How Long Do Running Shoes Last?

A runner wearing On running shoes

Wondering if it’s time for a new pair of running shoes? SCHEELS Running Experts share how often you should replace your shoes and the tell-tale signs you’re ready for your next pair. Plus, we share a few tips on using your old pair to help you pick out the right running shoes to improve your stride.

When Should I Replace My Running Shoes?

A man wearing Brooks running shoes on a track

The more you run, the faster your shoes will wear down. A good rule of thumb is to replace your running shoes between 300 and 500 miles. If you don’t run long distances often, this will typically be every six months. It’s also important to make sure you don’t get a new pair of shoes right before a race or big run—it takes a few weeks for your running shoes to break in.

Aches and pains can be another sign it’s time for another pair of running shoes. While some mild soreness is a normal part of training, consistent aches shouldn’t happen. If you do feel pain while running, this might be a sign that your shoes are worn out and aren’t providing the support you need. Remember the springy feel when you first got your shoes? Running shoes have foam and cushioning to absorb impact and make running easier on your joints. As you run, the foam slowly wears down, so it’s important to replace your shoes to keep your joints supported.

Another great way to tell if it’s time to replace your running shoes is to take a look at the tread on the outsoles (the bottom of the shoe). If the grip is worn down, it’s time for a new pair.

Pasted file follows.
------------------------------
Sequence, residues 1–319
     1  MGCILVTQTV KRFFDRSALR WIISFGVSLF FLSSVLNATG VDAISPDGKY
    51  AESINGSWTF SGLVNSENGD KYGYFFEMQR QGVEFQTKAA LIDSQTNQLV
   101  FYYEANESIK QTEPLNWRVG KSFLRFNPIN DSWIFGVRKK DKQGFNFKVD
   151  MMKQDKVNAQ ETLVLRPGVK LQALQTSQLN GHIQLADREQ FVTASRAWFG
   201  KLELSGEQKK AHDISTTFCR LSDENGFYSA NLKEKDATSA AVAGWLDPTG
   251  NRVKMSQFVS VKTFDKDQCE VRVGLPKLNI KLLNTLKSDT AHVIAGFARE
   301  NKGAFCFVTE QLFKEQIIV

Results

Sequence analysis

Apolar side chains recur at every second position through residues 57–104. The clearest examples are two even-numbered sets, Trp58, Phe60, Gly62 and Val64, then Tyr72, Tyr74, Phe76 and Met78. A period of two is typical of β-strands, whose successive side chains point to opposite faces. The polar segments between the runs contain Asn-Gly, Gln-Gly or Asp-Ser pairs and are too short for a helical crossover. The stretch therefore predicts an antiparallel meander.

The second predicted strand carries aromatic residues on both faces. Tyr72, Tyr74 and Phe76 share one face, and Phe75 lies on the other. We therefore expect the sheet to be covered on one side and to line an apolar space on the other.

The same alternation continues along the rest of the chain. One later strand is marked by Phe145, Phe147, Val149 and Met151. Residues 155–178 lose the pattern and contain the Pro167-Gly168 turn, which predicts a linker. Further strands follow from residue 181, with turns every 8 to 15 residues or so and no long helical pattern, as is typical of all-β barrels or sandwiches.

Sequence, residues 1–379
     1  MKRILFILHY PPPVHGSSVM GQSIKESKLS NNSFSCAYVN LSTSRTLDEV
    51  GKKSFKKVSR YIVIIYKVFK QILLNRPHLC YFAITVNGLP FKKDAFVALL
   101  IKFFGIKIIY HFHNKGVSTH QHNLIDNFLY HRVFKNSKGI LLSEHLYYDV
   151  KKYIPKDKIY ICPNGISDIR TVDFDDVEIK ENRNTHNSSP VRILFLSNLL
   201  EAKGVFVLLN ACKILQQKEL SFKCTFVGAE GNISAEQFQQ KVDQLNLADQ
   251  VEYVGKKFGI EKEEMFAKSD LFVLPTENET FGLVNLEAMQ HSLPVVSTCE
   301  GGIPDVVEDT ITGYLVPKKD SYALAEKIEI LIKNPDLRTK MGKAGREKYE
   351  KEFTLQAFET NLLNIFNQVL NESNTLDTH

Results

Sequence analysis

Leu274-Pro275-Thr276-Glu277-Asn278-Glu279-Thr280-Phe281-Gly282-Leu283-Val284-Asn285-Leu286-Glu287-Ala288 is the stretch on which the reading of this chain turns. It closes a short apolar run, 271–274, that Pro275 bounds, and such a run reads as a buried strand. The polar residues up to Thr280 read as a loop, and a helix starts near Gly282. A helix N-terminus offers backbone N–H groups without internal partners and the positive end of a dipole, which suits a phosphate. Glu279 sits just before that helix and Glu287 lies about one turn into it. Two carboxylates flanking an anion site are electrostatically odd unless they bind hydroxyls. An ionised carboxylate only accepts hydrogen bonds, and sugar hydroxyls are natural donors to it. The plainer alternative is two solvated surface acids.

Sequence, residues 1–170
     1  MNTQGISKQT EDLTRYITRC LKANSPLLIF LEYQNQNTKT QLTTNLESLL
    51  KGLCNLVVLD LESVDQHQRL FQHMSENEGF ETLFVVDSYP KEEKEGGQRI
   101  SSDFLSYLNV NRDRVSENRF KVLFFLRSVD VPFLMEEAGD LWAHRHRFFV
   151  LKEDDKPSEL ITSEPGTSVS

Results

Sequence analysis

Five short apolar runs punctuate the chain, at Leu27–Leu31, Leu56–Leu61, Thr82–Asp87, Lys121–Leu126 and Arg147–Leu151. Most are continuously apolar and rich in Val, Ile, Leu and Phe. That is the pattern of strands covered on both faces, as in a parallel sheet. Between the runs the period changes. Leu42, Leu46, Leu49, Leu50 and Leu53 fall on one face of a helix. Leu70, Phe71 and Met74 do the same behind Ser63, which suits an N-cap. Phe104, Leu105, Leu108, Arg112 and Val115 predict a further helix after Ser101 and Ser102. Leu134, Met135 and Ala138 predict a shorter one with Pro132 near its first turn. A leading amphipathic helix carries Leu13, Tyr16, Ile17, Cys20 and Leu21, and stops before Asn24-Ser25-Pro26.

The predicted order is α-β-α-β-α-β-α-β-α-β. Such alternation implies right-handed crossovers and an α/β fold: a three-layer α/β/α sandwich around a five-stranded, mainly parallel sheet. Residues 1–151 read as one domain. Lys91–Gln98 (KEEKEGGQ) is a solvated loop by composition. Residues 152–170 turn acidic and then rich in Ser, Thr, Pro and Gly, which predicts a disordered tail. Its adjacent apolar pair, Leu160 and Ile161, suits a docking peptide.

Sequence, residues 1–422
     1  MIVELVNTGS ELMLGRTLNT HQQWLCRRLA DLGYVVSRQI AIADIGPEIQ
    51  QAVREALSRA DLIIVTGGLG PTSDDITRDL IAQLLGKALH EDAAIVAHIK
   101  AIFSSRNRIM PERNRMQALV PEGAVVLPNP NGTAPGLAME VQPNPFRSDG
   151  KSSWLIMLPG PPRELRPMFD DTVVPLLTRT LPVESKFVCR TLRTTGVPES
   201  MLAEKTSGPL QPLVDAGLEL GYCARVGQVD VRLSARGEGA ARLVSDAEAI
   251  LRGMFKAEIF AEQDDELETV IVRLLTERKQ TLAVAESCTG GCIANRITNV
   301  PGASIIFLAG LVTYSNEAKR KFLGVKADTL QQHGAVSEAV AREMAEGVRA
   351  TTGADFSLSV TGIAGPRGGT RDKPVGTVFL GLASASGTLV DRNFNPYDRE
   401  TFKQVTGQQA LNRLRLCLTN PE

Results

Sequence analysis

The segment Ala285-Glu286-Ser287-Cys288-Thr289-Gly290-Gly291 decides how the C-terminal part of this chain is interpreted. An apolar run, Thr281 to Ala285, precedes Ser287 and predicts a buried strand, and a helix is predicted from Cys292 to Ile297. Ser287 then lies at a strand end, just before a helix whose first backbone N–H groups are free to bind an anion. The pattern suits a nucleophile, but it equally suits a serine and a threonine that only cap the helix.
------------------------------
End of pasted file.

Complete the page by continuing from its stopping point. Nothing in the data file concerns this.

Using Your Old Running Shoes to Find a New Pair

Before you throw out your old pair of running shoes, take a look at the outsoles to see where they’ve worn down the most. This is a great way to tell if you need a neutral or stability running shoe.

If you notice the wear is relatively even, you strike the ground in a neutral position. In this case, a neutral running shoe is the best option.

If there’s more wear on the outer edges, you supinate, meaning the outer edge of your feet strikes the ground first. Supinators should also choose a neutral running shoe.

Wear on the inside edge of your running shoe means you may overpronate and should opt for a stability running shoe.

A diagram showing the foot-to-ground impact of overpronation, a neutral step, and supination

If you want to learn more about the difference between neutral and stability running shoes, check out our comparison of neutral and stability shoes.

How to Make Running Shoes Last Longer

While every pair of running shoes will need to be replaced over time, there are a few tips to make sure you get the most out of every pair.

  • Use a designated pair of shoes for running. This makes it easier to track the number of miles you’ve run on them.
  • Don’t wear your designated running shoes at the gym. The movements required to lift weights or perform other exercises can wear them down faster.
  • Wear the right size of running shoes for your feet.
  • Keep your shoes dry to prolong the cushioning and material. If your shoes get wet, use a shoe dryer or a fan, or stuff your shoes with newspaper and wrap them in a dry towel to dry them off. Do not put your shoes in your clothes dryer.
A pair of runners wearing Brooks running shoes

When it comes to determining how long running shoes last, it is important to remember to replace your shoes between 300 and 500 miles. You should also pay attention to aching pain or wear on the soles of the shoe to determine when it is time for a new pair. Make sure to use your running shoes only for running to get the most out of them. When it is time for a new pair, SCHEELS is here to help you find the right shoe for you: read our guide to choosing a running shoe or see a Shoe Expert at your nearest SCHEELS.